The Argyle International Airport has lost its first chief executive officer (CEO) even before the long-delayed facility is completed or operating.
Garth Saunders, chair of the Board of Director of Argyle International Airport (AIA), the state-owned firm managing the airport, confirmed this to iWitness News on Wednesday.
iWitness News sought the confirmation after Leader of the Opposition Arnhim Eustace said on his weekly radio programme on Monday that the CEO had quit the job.
Eustace also said the CEO resigned because he felt that the EC$729 million airport — which has missed a number of completion targets since 2011 — would not be approved for landing aircraft.
Saunders told iWitness News that the CEO, an American, quit after six weeks, citing health reasons.
He said that the executive, who had been hired on contract, submitted his letter of resignation two to three weeks ago.
Saunders, an engineer, said he had no reason to believe that the CEO had quit for other reasons than those stated in his letter.
“I have no reason to think so at all,” Saunders told iWitness News.
iWitness News understands that the CEO, who was never named publicly, was a retiree who is around 70 years old.
The resignation of the CEO is the latest blow to the project that came wrapped in political garbs when it was announced in 2005 and has divided Vincentians largely along political lines.
Prime Minister Ralph Gonsalves announced on Monday that the airport would not be completed by the end of this month.
Chair and CEO of the International Airport Development Company (IADC), economist Rudy Matthias said on April 1 that all construction work would be finished by the end of May, regardless of the weather.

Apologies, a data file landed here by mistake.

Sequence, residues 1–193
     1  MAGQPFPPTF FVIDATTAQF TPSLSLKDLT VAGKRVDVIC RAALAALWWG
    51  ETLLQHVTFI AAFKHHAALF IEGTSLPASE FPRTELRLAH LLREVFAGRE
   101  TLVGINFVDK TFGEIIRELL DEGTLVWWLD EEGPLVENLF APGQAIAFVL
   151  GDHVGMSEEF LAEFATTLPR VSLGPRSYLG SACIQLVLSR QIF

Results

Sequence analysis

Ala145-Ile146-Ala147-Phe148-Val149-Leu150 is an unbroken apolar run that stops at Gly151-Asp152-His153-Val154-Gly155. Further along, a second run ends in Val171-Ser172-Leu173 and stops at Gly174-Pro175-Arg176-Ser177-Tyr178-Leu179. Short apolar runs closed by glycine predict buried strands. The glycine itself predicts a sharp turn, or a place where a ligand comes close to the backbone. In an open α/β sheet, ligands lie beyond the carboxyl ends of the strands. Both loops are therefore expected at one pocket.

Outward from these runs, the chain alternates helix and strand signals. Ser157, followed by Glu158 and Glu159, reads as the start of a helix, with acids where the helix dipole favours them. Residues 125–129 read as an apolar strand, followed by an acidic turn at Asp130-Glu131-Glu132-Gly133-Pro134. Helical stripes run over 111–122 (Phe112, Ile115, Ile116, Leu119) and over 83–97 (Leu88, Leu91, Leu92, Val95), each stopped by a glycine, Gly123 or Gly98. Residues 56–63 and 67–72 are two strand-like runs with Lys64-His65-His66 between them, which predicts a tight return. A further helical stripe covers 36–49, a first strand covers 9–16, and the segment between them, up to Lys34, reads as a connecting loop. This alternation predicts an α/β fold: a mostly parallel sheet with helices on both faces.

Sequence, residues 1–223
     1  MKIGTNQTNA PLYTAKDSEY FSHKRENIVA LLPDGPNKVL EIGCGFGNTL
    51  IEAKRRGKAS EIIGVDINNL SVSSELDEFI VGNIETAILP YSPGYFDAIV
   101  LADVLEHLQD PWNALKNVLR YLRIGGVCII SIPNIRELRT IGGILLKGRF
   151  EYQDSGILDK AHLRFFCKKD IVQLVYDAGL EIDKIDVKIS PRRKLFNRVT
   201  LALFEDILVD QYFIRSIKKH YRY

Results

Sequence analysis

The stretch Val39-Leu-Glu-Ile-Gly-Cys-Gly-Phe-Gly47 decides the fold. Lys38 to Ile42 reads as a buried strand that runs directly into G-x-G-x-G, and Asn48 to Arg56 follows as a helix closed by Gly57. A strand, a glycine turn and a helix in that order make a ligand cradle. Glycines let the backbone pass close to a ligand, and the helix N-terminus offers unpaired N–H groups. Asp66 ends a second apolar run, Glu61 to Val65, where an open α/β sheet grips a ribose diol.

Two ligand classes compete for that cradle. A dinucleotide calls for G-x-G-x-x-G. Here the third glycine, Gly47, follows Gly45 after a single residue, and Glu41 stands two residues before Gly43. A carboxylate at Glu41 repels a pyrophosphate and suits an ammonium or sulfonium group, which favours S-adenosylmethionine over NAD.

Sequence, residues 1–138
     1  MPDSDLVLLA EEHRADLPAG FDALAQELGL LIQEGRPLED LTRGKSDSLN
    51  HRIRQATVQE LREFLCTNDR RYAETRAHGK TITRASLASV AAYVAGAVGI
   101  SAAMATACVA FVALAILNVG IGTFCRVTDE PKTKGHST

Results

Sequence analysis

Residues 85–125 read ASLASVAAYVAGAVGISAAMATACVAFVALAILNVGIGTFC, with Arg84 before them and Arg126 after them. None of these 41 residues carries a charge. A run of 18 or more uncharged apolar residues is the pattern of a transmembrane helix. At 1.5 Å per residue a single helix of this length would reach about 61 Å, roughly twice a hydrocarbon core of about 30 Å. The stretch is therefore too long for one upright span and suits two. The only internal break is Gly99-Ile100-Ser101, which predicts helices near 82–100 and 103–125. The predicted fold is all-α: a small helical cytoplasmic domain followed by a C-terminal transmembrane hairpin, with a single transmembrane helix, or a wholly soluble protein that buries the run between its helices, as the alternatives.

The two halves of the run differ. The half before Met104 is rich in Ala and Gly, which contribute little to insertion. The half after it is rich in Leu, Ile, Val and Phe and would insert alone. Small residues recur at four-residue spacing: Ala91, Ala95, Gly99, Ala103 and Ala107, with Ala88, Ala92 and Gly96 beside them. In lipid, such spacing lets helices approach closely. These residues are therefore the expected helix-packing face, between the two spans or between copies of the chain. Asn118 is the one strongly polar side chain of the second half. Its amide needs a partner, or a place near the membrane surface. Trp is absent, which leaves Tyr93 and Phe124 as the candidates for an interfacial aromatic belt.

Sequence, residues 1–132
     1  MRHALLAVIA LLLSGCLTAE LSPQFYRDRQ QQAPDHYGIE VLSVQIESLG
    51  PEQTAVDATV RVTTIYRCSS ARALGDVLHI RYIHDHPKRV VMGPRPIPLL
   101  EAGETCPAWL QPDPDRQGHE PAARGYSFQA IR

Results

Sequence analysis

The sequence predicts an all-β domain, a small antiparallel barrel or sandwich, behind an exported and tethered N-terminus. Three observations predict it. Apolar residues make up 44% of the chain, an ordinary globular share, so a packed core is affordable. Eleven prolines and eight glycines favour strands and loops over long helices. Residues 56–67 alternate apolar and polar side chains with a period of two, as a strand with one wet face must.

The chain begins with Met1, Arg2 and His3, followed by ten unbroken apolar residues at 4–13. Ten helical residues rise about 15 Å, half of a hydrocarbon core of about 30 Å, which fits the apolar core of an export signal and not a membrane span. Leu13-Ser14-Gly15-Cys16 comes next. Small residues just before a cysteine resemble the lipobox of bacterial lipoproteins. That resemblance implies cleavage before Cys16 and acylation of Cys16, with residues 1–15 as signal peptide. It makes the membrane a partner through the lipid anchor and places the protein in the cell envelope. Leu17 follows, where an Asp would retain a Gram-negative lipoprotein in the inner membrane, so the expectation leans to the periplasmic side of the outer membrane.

The IADC is the state-owned company responsible for the actual construction of the airport, while AIA is responsible for its management.
Saunders told iWitness News that he has been “given stick” (criticised) for saying that the IADC has not been realistic with the completion targets that it has repeatedly given to the public.
The engineer, who has more than 30 years experience in construction, told iWitness News that with the amount of work excavation work remaining on “Petroglyph Hill”, he does not anticipate that actual construction would be complete before the end of August 2016.
Speaking on his radio programme on Monday, Eustace pointed to the airport as proof of the “incompetence” of the ruling Unity Labour Party.
“If you want further proof of this incompetence that you have in this Government here, you cast your mind out to the Argyle international airport,” he said in the programme in which he accused the Government of being incompetent in the management of the tourism sector.
“Gonsalves promised Vincentians an international airport at Argyle. He said that the airport would be completed and become operational in 2011, having started around 2007-2008… He said at the time the airport would cost EC$480 million. He promised that the airport would be built without increasing the long-term debt of this country because they had a coalition of the willing who were willing to finance the airport on soft terms — grants and so forth…” Eustace told listeners.